The new FF is Ferrari's first hatchback, designed to optimize back-seat and luggage space. The body is constructed of a mix of steel and aluminum alloys.
At the 2004 media launch of the 612 Scaglietti in Maranello, Mother Nature frowned on Ferrari’s plan for journalists to strafe roads in the nearby Appennine mountains with the luxurious V12 grand tourer by slicking the roads with light snowfall.
A hasty change of plans meant we exercised the cars and ourselves on the Fiorano test track where the company develops its Formula One racers. We scribes didn’t mind, but the Ferrari engineers’ faces were as red as their famous cars. Their embarrassment ends with the launch of the 612’s replacement, the FF. It features the company’s first-ever all-wheel-drive system that's meant to handle such tricky conditions with aplomb.
The AWD system isn’t the only unorthodox aspect of the new FF; its hatchback design is also a first for the company. Both required Ferrari's development team to innovate in order to satisfy customers while remaining true to the expectations of the Ferrari marque.
Grand touring cars are used differently than Ferrari’s sports cars, which typically accumulate a few thousand miles of use per year in brief drives from and returning to a base of operation, explained Roberto Febeli, Technical Director for the FF.
As such, sports cars are like fighter planes with their narrow requirements and brief usage. Grand tourers are more like private aircraft—they travel from one destination to another and potentially onward from there, before returning home after several days. In the process they accumulate many hours of use.
“This means you need more space inside the car to carry with you the things you need,” Febeli noted. Because of this, the FF demanded an abundance of cabin volume, even if the resulting horizontal roofline is reminiscent of a "shooting brake"-style sports wagon.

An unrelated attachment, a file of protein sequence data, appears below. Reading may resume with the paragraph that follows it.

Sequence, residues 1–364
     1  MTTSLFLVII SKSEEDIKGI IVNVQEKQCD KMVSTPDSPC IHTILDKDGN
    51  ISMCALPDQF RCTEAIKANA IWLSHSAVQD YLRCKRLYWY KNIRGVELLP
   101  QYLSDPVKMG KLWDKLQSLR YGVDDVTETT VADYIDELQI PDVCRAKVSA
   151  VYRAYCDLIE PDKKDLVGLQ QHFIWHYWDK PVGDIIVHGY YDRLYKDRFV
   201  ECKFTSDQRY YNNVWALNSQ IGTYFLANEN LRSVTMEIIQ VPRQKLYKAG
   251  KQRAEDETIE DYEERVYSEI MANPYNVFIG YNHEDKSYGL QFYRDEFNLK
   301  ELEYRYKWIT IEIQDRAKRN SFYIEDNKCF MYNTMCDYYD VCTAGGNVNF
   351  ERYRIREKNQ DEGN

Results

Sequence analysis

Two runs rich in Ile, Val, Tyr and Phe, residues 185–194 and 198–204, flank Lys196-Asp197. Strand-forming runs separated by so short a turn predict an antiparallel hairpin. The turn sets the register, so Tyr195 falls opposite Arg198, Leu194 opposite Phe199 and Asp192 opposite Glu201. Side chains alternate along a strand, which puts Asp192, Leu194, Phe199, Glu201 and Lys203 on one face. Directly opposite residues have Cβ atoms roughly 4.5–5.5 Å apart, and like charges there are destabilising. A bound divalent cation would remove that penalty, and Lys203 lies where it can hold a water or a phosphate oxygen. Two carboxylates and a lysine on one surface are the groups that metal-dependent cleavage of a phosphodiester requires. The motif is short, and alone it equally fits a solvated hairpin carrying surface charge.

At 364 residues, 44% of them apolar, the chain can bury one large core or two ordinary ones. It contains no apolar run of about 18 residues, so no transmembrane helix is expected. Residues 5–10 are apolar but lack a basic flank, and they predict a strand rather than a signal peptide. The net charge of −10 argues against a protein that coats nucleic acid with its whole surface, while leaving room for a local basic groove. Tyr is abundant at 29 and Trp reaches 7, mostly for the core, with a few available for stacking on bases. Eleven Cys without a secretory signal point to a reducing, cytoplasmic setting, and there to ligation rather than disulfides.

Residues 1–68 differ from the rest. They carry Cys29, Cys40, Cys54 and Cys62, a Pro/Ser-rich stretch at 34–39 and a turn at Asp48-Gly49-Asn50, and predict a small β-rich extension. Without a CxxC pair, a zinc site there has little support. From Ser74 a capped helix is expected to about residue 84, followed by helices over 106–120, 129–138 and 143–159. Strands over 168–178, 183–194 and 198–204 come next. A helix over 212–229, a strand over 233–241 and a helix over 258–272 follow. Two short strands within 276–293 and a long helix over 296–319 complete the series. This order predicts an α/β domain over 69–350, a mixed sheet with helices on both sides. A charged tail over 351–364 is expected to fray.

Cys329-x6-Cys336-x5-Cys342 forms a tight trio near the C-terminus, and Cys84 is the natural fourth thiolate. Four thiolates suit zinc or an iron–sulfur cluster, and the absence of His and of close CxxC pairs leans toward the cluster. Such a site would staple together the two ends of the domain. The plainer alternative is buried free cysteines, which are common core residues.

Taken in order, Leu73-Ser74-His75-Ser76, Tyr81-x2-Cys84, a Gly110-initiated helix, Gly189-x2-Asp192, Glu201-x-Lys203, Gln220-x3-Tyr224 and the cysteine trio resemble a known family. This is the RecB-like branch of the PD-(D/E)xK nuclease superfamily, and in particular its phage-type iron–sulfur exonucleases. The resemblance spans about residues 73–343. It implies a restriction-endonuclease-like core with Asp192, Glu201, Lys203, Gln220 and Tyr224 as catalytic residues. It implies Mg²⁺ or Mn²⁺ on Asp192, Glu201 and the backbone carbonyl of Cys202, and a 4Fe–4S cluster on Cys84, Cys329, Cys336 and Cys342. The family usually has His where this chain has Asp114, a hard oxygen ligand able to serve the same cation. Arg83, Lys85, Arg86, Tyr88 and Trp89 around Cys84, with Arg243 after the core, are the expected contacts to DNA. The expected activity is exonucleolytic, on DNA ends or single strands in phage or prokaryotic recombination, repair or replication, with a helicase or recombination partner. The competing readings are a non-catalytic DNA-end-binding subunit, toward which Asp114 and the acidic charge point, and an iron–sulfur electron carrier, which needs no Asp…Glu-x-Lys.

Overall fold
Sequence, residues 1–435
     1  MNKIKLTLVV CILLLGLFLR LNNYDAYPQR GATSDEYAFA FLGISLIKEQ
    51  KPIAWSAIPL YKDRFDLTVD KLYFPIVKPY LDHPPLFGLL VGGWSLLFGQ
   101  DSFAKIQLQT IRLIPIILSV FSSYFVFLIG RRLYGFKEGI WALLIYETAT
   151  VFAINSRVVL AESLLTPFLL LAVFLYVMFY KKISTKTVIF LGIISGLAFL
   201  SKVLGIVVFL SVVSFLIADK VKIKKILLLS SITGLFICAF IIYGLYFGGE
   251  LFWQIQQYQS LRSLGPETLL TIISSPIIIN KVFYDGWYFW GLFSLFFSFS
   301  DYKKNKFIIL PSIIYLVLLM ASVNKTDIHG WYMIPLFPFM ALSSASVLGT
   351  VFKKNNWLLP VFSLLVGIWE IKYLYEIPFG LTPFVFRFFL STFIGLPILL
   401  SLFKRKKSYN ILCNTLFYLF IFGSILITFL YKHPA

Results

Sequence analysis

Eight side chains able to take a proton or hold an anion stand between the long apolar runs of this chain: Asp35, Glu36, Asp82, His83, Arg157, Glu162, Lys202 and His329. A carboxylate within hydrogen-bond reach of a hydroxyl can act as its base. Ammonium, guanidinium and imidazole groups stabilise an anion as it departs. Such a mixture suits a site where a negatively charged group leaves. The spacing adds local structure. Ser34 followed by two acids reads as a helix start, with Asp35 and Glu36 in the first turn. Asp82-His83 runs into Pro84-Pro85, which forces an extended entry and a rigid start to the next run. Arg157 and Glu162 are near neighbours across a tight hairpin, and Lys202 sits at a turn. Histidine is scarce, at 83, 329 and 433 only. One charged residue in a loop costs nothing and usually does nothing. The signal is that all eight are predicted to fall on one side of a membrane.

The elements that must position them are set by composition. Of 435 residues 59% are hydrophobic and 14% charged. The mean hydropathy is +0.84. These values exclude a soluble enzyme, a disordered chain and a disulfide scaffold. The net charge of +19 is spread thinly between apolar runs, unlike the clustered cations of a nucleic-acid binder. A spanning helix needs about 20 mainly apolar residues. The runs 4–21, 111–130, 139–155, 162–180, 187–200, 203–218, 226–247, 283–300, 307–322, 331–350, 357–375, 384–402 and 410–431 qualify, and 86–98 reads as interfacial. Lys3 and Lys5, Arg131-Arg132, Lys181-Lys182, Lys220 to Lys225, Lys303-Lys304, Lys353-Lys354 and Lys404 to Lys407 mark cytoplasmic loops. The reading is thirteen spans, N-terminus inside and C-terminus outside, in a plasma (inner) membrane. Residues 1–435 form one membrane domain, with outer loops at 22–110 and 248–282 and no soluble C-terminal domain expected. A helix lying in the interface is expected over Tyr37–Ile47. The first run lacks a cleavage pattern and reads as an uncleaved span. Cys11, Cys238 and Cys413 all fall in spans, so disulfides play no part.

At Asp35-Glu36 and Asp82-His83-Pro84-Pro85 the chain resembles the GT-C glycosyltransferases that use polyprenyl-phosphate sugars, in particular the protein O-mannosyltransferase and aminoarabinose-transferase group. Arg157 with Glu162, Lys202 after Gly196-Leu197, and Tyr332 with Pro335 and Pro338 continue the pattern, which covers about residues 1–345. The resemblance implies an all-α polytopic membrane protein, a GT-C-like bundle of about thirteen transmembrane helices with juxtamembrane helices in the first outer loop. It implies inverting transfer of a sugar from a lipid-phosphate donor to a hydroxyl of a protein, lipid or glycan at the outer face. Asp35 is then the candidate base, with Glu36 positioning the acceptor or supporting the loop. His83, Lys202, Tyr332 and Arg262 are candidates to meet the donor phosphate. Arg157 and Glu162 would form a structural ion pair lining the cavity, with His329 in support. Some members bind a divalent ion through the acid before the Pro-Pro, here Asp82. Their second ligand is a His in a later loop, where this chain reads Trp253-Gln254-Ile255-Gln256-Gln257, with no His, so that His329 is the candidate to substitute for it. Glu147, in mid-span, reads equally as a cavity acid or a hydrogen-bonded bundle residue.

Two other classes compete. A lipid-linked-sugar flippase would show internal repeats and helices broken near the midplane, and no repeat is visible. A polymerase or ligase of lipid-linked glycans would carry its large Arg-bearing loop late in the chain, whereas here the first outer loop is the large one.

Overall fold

The Ferrari 4RM all-wheel-drive system is audacious in its design. Engineers decided that the front wheels will only transmit power in the lower four gears; in fifth through seventh gears, the FF is purely rear-wheel drive.
The front-drive module (Ferrari calls it the Power Transfer Unit) draws power from the front of the FF’s direct-injected 660-hp (492-kW) 6.3-L V12 engine. The drive module has only two gears; its first gear works with first and second gear in the dual-clutch main transmission, and its second gear is used with third and fourth gears in the main transmission, which is integrated with the rear drive axle.
Controlled slip of the oil-bathed carbon fiber clutches matches front wheel speed to that of the rear. The front wheels are geared 6% higher in their first and second gears than the rear wheels in their second and fourth gear, so the car can turn the front wheels faster than the rears in slippery conditions, Febeli explained.
The front transmission can handle up to 20% of the engine’s 504-lb·ft (683 N·m) when helping the FF churn through wintry weather. Directing some of that torque through the front wheels is also beneficial for dry weather performance, he added. The car’s claimed 3.7-s 0-100 kph acceleration time is 0.3 s faster than it would be with rear drive alone, he said.
All-wheel-drive systems frequently sap vehicle performance because of their weight, but the 4RM system supplied by Carraro SpA adds only 35-40 kg (77-88 lb), according to Febeli. He said this is half the mass of a traditional AWD system.
To balance mass and strength, the FF's body engineering team used a combination of high-strength steel and aluminum for the body-in-white. Some 30 different alloys are employed, they claim. Combined with the lightweight front-drive system, the materials strategy enabled engineers to whittle 50 kg (110 lb) from the car’s 1880 kg (4145 lb) curb weight compared to a 612 Scaglietti, had that model been equipped with the FF's AWD, structural enhancements to meet the latest safety regulations, and its infotainment system, Febeli said.